Click onto the image above to open a larger version in a separate window, and click onto that image to further enlarge it – strongly recommendedThe lower image can be enlarged in this way too.

OK, let’s start at the bottom line: I love cats.  A cat named George, aged two, was present when I was born.  My mother told me that he used to get up on his hind legs and peer in at me in my pram – probably wondering if he was allowed to eat me I expect!  And I grew up alongside him and, as an only child, he was effectively my brother.  Quite simply, he was always there, he was always around, and he died when I was 13.  I have never owned a cat but, equally, I have never forgotten George and, indeed, over 50 years later he is still frequently – and warmly – in my thoughts.  And whenever I encounter cats these days, I look on them with much affection.

And my feline odyssey goes a little further than that because, taking clients on safari in Kenya, I came into close contact with our moggies’ much larger cousins – Lion, Leopard and Cheetah.  Lions I could take or leave really, but I spent ages almost drowning in the deep, expressionless, amber eyes of Leopard and Cheetah.  And then there were smaller cats too – Serval and (most wonderfully) Caracal.

So what on earth has all this got to do with the Somerset Levels?  Well, recently, I was exploring on the southeastern edges of Queen’s Sedge Moor, when I hauled up at Redlake Farm – and promptly had two very pleasant experiences.  I’ll talk about the first of those experiences another time but, as I walked along the farm’s frontage there was a closed gate with six cats basking beneath it on the morning sun’s warm rays.  There is a picture – not a very good picture – of them below, but it gives you an idea of the scene.

And, standing very still, I looked at these cats, they looked back at me, and – very softly – I started talking to them.  I certainly didn’t want to frighten them by getting too close and, anyway, looking at them, it was immediately apparent that these were not tame house cats, but rather working cats in a way, who earn their keep on the farm as fierce ratters and mousers.  Stroking one of these, even if I could get near enough, might not be a wholly joyous experience.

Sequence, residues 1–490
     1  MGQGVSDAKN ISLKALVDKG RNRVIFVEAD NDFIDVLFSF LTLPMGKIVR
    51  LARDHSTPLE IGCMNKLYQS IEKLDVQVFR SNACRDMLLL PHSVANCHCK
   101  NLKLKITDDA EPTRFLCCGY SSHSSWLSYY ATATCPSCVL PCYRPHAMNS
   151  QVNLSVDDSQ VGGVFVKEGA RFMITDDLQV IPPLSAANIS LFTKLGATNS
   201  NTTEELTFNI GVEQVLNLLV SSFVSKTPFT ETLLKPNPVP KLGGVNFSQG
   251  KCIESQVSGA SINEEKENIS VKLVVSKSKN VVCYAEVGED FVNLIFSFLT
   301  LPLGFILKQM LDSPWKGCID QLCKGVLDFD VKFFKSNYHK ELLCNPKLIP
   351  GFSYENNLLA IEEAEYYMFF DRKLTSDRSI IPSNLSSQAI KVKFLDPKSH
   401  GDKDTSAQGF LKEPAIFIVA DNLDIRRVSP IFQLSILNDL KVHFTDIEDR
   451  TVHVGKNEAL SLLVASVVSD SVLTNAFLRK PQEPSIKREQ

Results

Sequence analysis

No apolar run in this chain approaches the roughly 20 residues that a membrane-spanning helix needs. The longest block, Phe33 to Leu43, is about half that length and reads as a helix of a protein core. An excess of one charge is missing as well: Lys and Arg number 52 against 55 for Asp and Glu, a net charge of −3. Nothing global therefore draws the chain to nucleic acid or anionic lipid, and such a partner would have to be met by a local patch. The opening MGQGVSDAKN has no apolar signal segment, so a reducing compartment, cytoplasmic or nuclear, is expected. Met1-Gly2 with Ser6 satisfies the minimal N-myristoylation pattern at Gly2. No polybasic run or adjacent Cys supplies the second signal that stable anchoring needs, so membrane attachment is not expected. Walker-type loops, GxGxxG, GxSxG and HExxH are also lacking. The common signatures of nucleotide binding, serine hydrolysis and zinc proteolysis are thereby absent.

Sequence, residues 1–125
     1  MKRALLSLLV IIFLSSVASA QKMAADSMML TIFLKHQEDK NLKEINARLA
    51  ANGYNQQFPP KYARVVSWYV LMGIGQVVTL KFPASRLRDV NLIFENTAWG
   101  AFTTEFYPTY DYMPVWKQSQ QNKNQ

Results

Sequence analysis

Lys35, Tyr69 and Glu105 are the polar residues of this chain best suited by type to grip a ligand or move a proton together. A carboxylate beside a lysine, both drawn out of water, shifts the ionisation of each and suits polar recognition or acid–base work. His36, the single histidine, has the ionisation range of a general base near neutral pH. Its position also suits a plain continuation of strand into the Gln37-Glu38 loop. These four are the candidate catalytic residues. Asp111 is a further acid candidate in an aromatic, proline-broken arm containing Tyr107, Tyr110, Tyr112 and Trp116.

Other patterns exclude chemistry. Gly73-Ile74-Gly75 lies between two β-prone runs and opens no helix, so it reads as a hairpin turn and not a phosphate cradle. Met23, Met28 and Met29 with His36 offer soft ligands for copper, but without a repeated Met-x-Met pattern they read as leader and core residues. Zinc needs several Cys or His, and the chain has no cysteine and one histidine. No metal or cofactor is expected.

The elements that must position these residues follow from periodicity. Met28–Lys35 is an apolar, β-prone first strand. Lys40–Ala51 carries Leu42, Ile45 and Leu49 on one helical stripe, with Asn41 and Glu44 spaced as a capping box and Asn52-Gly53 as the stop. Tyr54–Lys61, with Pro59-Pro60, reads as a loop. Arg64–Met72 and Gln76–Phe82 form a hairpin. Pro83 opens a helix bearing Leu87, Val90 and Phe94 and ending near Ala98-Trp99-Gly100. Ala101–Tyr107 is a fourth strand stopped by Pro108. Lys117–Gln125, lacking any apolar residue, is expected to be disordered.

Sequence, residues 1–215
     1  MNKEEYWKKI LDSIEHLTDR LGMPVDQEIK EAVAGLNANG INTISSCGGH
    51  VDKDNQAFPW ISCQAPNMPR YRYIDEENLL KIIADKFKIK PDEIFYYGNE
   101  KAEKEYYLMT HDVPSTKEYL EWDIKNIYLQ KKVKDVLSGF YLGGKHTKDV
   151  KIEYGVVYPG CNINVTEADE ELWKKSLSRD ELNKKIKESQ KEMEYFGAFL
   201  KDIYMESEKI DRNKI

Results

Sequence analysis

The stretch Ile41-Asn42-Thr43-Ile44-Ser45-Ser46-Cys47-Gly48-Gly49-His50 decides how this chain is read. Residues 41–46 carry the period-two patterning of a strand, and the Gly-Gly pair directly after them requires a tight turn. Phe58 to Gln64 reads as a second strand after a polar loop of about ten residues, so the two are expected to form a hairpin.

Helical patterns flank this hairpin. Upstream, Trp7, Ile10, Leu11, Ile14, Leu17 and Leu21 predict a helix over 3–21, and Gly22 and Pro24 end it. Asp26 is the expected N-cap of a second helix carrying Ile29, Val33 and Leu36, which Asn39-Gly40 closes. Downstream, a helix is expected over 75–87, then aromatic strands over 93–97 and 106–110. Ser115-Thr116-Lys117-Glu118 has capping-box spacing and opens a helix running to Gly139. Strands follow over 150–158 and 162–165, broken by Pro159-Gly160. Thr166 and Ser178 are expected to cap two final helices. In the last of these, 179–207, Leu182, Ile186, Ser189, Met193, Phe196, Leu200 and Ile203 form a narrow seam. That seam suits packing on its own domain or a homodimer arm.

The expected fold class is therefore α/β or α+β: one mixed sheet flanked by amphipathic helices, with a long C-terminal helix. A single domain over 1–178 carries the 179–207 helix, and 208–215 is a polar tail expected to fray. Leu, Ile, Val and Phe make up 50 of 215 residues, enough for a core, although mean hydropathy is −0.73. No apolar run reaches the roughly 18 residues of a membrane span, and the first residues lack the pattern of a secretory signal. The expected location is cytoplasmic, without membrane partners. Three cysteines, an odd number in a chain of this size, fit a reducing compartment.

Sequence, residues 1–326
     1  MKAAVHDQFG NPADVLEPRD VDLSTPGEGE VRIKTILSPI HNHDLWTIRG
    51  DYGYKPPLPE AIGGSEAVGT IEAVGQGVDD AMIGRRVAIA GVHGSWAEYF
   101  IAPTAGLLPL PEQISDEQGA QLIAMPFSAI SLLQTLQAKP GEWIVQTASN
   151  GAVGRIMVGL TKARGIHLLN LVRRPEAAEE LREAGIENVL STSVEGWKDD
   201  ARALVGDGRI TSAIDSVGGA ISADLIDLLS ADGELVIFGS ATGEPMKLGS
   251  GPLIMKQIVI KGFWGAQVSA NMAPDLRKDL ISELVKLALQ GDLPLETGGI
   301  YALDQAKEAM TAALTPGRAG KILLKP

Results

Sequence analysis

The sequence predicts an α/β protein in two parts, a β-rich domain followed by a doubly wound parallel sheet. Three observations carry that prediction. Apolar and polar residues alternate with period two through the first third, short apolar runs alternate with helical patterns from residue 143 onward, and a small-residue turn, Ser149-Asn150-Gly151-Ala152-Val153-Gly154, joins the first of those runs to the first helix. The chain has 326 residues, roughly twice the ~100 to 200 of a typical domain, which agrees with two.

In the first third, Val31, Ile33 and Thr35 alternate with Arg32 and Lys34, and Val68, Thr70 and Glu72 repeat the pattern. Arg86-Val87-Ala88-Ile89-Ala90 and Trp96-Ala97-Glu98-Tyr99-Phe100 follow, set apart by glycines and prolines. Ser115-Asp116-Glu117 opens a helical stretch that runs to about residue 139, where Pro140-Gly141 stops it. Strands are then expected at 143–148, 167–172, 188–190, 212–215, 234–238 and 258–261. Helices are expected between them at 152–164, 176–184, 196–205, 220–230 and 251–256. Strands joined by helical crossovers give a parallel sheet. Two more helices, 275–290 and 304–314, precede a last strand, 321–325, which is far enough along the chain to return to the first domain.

And so the camera went into APS-C mode, lengthening the reach of my telephoto and, from a distance, I photographed them.  And as I looked through the camera into those impassive and predatory faces, I was reminded of those much larger cats in Kenya long ago, and the title of this post came surely to mind.

Technique: upper image – Z 6 with 70-300 Nikkor lens used in DX (= APS-C) format to give 450mm; 1000 ISO; Lightroom, using the Camera Neutral V2 picture control.  Lower image: X-T2 with 10-24 Fujinon lens at 36mm (equiv); Lightroom, using the Provia/Standard film simulation; 400 ISO.  Redlake Farm, Queen’s Sedge Moor, on the Somerset Levels; 24 May 2019.




About Adrian Lewis
Photographer working in monochrome, colour and combinations of the two - with a great liking for many types of subject, including Minimalism, landscapes, abstracts, soft colour, people, movement, nature - I like to be adventurous in my photography, trying new ideas and working in many genres. And I'm fond of Full English Breakfasts and Duvel golden ale, though not necessarily together.

6 Responses to SOMERSET LEVELS 349 – ANIMAL

  1. Meanderer says:

    It must have been quite special to have had George as companion during your younger years. I love cats also. People say they aren’t as friendly as dogs but I have had close relationships with two cats I have had.


    • Adrian Lewis says:

      Yes, it was special with George – and I think just how special I’m only now realising. Cats are more independent than dogs of course, but I agree with you, close relationships with them are quite possible – I was a friends’ yesterday, and their cat always comes to sit beside me when I’m there.

      Liked by 1 person

  2. oneowner says:

    Though I don’t have one now, I’ve had cats for many years and have always found them delightful to have around, both as companions and muses.


  3. dawnbirdau says:

    That’s a stunning pic! I’ll post a pic of my son’s cat sometime. Bey has very unusual marbled face colouring and a delight to photograph.


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